Khao Sam Kaeo: An Early Port-City between the Indian Ocean and the South China Sea. Edited by Bérénice Bellina. Mémoires Archéologiques 28. Paris: École Française D'Extrême-Orient, 2017. 675 pp. Paper EUR €65.00, ISBN 978-2-85539-427-5.

Demandt, Michèle H. S.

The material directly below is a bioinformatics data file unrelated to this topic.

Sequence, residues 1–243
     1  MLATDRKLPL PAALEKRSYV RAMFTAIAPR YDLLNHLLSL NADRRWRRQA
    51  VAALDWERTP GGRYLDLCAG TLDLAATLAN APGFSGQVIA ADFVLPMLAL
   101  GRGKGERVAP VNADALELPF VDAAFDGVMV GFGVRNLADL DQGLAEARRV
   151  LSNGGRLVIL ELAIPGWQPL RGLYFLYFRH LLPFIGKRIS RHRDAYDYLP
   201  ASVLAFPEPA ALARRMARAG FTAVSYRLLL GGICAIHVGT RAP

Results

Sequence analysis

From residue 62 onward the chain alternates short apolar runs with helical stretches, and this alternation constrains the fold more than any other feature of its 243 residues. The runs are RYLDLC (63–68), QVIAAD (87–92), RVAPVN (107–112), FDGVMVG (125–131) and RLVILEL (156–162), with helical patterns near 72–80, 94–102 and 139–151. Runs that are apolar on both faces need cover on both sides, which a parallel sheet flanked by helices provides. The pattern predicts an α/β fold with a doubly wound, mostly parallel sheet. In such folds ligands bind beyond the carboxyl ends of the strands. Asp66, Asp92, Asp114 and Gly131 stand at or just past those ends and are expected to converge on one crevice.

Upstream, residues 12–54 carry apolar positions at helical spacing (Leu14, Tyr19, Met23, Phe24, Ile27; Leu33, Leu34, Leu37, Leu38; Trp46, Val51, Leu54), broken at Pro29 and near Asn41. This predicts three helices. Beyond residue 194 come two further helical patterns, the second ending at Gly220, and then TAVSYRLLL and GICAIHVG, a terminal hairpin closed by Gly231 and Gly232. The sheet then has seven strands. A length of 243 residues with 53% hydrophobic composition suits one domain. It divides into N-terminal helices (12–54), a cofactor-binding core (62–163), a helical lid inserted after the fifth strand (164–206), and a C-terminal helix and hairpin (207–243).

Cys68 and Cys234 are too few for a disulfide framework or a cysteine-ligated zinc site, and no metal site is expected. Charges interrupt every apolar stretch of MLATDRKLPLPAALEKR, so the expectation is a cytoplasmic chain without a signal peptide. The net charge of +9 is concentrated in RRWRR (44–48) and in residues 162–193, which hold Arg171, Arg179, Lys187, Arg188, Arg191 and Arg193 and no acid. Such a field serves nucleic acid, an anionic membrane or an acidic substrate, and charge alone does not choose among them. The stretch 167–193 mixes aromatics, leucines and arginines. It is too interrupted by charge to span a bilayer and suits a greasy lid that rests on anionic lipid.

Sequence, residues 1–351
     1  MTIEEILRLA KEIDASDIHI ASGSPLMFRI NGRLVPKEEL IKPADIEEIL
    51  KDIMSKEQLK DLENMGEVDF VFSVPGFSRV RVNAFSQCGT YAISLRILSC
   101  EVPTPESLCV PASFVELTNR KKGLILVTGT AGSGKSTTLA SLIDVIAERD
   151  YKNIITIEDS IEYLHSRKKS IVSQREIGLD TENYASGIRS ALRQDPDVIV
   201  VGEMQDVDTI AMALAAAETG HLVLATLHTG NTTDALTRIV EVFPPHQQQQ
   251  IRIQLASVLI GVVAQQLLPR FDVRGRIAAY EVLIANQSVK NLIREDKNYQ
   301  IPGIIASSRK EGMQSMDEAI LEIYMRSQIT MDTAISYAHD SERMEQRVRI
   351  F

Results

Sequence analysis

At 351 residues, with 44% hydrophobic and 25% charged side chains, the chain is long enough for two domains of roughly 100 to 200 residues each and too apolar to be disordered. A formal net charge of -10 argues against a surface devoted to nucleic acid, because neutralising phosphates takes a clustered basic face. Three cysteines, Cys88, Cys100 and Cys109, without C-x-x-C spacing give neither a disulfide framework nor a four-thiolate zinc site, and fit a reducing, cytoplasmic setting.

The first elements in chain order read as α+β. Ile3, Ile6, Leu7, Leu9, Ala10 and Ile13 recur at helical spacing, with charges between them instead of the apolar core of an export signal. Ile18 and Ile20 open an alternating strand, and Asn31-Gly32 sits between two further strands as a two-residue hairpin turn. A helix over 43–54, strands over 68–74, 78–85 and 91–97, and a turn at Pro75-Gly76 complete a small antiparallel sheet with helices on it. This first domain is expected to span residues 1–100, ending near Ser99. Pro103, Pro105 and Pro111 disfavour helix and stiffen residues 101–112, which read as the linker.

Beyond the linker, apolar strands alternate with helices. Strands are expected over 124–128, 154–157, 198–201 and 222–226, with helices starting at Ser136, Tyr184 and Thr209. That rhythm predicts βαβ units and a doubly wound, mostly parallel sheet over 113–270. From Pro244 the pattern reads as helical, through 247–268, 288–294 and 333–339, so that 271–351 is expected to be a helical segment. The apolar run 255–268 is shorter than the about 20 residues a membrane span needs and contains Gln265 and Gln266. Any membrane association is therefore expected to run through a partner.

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The last twenty years have witnessed increased interest in the identification of maritime connections and the reconstruction of transoceanic networks that operated during the late prehistoric and early historical periods. For example, research into Southeast Asia's early contacts with the Indian world and Han China has expanded to incorporate the results of archaeological work in coastal India, the Bay of Bengal, and those lands and islands which border the periphery of the South China Sea. Scholars that once saw India as the main engine driving culture change in Southeast Asia now admit the importance of reciprocal relationships linking the two regions and, more importantly, the autonomy and active involvement of Southeast Asia's inhabitants in local processes (Manguin et al. 2011). Similarly, this edited volume, which focuses on the late prehistoric urban site of Khao Sam Kaeo, reveals that trends towards urbanism, cultural emulation, and long-distance trade were already present by the last centuries B.C. and that these tendencies were themselves deeply rooted in local strategies for expressing social identity.
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